Today is going to be a lazy day. We are anchored in a cove on the north side of the J. N. “Ding” Darling Wildlife Management Area on Sanibel Island. There are a few other boats in this well-protected spot, though they will probably leave at some point today. We’re staying. We plan to rendezvous with our friends on MV Dubhe tomorrow afternoon just a little north of here, so there’s no need to travel today. Suzy and I are in the cockpit watching the sun climb over the mangroves. She’s sipping her coffee. I’m sipping my tea.
Yesterday we made a fast run up from Naples. We made the 35 nm trip to Ding Darling in about six hours. Madge was flying. I’d had some concerns about the trip before we left. The forecast wind and sea state was a little rougher than I would have liked, but we had used up our allotted four days in the Naples mooring field and I didn’t want to go to the trouble of jockeying the boat around to get more time. Winds were expected to be ESE switching to southerly in the afternoon, between 10 and 15 kts, according to the National Weather Service. Seas were expected to be about one foot nearshore and 2-3 ft offshore. Our route would keep us about a mile off shore the whole way, so I figured we’d be fine. However, another weather service I use was predicting stronger winds and rougher seas, building through the day. That’s what concerned me – who to believe. I decided we should leave at first light, so if the conditions worsened in the afternoon, we’d be closer to our destination when they did. It turned out to be a good choice.
The City mooring field is about five miles from the Naples inlet at Gordon Pass, so I figured it would take us about an hour to get back out into the Gulf. We dropped off the ball at seven o’clock. The tide was running with us, and we made good time, clearing Gordon Pass just after seven thirty. The wind was just north of east, and our route was northwest, putting he wind on Madge’s starboard beam. We pulled out the jib to steady the boat, and suddenly we were doing about 7 kts, motor-sailing. Seas were about 1-2 ft, and we weren’t much farther off shore than the end of the Naples pier. I backed off on the engine and our speed dropped considerably. I decided that instead of proceeding under sail alone, I’d keep motor-sailing to make the best speed. The wind was about 13-15 kts, occasionally higher. Looked like my secondary weather service had the better prediction. Even so, we had a comfortable ride. Madge had no trouble with the conditions. By mid-morning, the winds were consistently above 15 kts. There were some gusts to 20. Madge didn’t care. I was beginning to rediscover my boat, and it felt good. The wind shifted south sooner than expected, aligning more with the direction of the waves. We stayed about a mile and a half off shore, but were in 2-3 ft seas. We were running almost dead downwind with rollers on our stern, which started Madge rolling from side to side a bit. What made matters worse, we were still having to dodge crab traps, and with whitecaps on the waves, they were harder to pick out. Regardless, we passed the San Carlos Bay marker just before noon, and crossed under the Ft. Myers-Sanibel Bridge into Pine Island Sound soon after, dropping the hook at Ding Darling around one o’clock.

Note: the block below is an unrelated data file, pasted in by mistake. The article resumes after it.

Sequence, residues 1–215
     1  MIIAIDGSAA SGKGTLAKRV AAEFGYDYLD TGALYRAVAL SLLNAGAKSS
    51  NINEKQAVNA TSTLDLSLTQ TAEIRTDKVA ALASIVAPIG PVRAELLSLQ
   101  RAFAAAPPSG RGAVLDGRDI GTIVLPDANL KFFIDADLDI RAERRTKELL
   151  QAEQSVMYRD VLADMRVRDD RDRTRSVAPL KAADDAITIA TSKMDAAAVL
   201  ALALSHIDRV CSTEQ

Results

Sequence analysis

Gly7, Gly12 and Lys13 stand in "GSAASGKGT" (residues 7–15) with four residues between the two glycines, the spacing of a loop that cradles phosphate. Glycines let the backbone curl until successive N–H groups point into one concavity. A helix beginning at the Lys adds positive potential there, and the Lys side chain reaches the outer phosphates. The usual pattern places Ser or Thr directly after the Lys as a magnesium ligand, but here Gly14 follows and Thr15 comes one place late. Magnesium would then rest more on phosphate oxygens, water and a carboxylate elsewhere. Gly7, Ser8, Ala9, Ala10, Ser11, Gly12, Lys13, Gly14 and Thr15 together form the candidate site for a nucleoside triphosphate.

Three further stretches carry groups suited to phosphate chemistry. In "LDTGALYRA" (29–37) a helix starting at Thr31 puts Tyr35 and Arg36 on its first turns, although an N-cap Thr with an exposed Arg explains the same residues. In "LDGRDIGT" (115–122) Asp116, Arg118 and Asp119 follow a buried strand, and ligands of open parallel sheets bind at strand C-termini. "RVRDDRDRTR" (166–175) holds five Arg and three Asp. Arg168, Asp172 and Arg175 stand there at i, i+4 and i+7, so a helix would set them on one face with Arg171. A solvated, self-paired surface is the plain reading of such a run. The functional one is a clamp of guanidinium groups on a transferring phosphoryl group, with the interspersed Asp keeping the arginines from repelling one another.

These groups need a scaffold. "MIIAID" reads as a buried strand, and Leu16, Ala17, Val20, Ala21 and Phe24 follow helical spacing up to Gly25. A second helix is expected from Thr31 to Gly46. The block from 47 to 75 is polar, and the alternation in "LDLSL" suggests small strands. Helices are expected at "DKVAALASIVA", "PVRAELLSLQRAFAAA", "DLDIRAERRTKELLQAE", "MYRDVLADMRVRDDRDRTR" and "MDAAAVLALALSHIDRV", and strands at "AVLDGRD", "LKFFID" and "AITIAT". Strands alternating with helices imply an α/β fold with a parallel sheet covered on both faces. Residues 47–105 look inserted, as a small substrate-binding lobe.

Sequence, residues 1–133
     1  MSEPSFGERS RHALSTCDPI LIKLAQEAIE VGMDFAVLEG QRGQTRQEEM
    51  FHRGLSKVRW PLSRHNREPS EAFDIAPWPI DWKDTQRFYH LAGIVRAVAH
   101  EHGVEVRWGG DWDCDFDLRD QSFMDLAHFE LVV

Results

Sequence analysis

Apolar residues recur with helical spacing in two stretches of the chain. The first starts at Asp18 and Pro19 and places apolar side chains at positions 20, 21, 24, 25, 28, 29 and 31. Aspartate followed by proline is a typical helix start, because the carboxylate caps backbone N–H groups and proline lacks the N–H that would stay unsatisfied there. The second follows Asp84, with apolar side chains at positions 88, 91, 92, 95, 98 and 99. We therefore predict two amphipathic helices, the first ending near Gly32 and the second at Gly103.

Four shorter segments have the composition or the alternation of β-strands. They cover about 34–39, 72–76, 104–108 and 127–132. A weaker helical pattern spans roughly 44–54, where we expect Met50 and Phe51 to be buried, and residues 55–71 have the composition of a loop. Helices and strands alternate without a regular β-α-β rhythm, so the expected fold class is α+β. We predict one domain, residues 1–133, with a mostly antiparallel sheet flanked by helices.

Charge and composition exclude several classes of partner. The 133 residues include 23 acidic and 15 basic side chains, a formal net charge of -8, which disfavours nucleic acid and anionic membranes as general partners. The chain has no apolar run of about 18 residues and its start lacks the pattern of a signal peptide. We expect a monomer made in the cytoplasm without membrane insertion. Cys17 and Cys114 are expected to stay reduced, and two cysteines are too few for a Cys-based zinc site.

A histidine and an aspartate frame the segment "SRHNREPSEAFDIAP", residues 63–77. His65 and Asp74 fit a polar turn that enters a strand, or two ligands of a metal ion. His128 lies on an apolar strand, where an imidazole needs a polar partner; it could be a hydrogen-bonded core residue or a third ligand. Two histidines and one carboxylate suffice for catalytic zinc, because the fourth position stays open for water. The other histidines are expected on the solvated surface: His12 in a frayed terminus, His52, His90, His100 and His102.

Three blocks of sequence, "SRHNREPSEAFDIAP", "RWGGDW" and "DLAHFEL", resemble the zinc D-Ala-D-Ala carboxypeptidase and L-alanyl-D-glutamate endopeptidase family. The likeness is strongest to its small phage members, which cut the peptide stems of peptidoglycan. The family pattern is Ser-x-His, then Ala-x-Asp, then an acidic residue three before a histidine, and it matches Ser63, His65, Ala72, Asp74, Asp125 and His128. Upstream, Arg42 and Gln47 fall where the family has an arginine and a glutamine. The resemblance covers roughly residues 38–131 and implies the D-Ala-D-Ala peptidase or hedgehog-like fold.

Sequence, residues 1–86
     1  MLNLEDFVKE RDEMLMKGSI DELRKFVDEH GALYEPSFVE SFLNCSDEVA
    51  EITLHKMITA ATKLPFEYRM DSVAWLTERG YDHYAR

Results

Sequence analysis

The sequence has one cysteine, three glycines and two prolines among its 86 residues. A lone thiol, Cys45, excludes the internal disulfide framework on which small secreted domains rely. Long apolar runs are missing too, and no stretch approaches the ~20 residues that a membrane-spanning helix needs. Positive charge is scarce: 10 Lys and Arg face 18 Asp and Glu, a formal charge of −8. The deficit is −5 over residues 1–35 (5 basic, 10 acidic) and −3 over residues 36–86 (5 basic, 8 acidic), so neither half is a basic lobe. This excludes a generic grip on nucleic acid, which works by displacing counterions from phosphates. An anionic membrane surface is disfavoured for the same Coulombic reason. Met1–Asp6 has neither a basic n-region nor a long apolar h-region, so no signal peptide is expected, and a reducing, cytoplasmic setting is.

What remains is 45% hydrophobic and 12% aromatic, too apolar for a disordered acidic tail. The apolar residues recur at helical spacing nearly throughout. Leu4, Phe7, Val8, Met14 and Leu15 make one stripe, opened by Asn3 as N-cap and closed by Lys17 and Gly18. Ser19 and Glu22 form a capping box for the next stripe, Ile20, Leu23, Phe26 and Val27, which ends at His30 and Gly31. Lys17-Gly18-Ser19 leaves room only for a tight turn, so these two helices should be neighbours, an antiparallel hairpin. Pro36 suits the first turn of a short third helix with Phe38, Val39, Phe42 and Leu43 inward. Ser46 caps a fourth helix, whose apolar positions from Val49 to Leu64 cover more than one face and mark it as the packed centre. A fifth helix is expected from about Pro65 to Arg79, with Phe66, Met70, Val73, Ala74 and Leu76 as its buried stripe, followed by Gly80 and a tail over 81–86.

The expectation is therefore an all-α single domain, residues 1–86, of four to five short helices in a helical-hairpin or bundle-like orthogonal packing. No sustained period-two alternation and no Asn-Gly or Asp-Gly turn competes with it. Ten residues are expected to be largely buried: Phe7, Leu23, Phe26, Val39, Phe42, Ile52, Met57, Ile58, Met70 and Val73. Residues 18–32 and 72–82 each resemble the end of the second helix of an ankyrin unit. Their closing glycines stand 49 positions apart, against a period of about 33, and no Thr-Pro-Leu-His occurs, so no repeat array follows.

So here we sit. The mangroves in our cove give us good protection from the 10-15 kt winds shifting between east and south. The sun is shining. The temperature is mild. I’m reconnecting with my boat.
Looks like I’ve successfully made it back on the horse.